My dad was a coach. I spent countless hours by his side as I was growing up, first as the water boy and then as a player. Until recently, I didn’t understand how the lessons he taught me through years of sports have directly affected my professional life.
After retiring from a long career in education, my dad found an opportunity to coach an after school youth basketball league for elementary school students. On my rare (very rare) Saturday off, I was able to witness the out-of-retirement coach in action. It was like a precious peek into my personal psychological development. The more I watched, the more I thought about how the lessons taught through sports at that early age have made me a better person, a better leader, and a better veterinarian.
I could fill a book with all the lessons from that youth basketball game that directly relate to veterinary medicine, but there was one lesson that really stood out to me. Whenever someone made a basket, my dad made sure that kid acknowledged the teammate who passed him the ball – either with a quick word of thanks or more often a fist bump (because apparently the cool kids don’t give high fives anymore). By the end of the game, the kids were fist bumping after scoring without any prompt from the coach. He looked so proud.
A Simple But Vital Action
That may seem like a very random point to focus on, but think about that for a minute from an animal behavior perspective. The kid with the assist received positive reinforcement for passing the ball, so he’s more likely to pass the ball again. Also, consider the team building angle: that simple interaction laid a foundation for a cooperative team dynamic that is so important to maintain in a group working toward a common goal.
Veterinary medicine is a team sport. We do not succeed alone. More importantly, we must acknowledge our team members who are vital to our success.
I thought I was good at this, but I learned that I sometimes make mistakes with how I acknowledge my team’s efforts at work. Gratitude is not one size fits all. I currently work at multiple locations, and the teams at each location have their own personalities. One team is food motivated, so they are easy to please with sweets. Another team includes a bunch of members on intense work-out and diet plans. Instead of a box of donuts being a treat, they were actually upset I was ruining their diets. Fail. Air ball. I have since learned that a bouquet of fragrant flowers for the break room was much more appreciated by that team.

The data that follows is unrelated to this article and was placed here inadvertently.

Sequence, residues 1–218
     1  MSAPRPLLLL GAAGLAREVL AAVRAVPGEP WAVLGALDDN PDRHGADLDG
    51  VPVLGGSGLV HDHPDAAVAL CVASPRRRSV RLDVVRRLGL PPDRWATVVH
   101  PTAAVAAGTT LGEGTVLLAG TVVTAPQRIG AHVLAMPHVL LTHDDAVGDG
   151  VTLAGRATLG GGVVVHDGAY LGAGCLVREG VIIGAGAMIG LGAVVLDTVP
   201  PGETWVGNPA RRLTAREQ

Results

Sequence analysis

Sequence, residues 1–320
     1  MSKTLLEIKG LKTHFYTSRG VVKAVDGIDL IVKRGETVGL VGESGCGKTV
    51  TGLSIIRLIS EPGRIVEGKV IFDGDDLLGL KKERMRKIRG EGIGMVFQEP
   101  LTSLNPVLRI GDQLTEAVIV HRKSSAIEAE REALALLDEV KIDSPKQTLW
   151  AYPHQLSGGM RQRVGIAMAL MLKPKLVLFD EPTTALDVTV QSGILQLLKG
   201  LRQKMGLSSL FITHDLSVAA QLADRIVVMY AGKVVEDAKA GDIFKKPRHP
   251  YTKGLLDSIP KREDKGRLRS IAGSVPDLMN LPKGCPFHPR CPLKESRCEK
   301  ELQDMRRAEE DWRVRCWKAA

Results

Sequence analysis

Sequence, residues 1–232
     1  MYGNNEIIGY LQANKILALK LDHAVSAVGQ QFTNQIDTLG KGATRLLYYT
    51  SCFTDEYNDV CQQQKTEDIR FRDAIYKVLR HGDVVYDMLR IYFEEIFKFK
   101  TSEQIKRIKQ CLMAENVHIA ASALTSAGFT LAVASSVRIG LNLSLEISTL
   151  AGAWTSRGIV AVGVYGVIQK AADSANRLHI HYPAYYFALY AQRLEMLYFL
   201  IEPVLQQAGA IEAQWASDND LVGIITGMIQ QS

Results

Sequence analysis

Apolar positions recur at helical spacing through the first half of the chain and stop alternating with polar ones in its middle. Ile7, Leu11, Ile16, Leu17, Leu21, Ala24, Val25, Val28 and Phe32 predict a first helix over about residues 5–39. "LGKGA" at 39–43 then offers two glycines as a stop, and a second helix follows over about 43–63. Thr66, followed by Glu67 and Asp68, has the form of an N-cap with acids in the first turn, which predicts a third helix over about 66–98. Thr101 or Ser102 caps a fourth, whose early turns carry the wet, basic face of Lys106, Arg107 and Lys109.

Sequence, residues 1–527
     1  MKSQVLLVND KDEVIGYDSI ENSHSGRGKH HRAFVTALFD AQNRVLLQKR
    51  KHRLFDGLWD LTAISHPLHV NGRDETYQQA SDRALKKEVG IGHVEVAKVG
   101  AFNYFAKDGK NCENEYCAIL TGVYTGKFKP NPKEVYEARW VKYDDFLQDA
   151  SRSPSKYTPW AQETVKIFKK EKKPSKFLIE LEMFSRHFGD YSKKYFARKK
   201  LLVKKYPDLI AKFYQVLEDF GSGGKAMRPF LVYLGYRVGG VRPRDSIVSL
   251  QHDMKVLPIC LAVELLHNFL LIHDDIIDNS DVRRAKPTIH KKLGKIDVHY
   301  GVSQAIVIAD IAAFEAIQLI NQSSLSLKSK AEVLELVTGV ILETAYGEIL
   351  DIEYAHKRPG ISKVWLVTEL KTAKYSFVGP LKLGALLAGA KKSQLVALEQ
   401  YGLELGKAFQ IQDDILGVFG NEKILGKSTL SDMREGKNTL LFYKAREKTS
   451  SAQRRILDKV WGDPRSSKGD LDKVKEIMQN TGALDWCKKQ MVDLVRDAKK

(Side note: Hint to the men out there – women love flowers! It doesn’t make any sense to us guys. Flowers are expensive, you can’t eat them, and they just wilt and die. We’ll never understand it, and I don’t think we’re supposed to. Just give the girls flowers.)
Two Little Words
Finally, don’t underestimate the power of a simple verbal “thank you”. I once walked into a hospital after hours to find several of the staff still there because they were finishing treatments on an emergency patient. As I passed through, I quickly thanked them for staying late to care for the patient. Later one of the technicians told me that was the first time in weeks anyone had thanked her for her work, and she was very grateful for my comment. That simple acknowledgement of appreciation was more important to her than I could have realized at the time.
Did you thank your team today? Now, I try to remember to tell my staff “Thank you for your help today” before I leave each night. Apparently it’s working, and some team members are learning from my example. This week as I was leaving work I overheard a technician tell the new employee who just started, “Thank you for your help today.” I suddenly understood how my dad felt when those little basketball players started fist bumping on their own. Watching my team come together through the power of appreciation made me feel so proud.
ABOUT THE AUTHOR
Dr. Michael W. Miller, DVM is a part-owner of a four hospital practice and splits time between Lakewood Animal Hospital and Pine Bluff Animal Hospital in Morris, Illinois. He has a special interest in exotic animal medicine – especially reptiles, but he also enjoys working on dogs and cats including his mischievous shelter mutt named Wombat.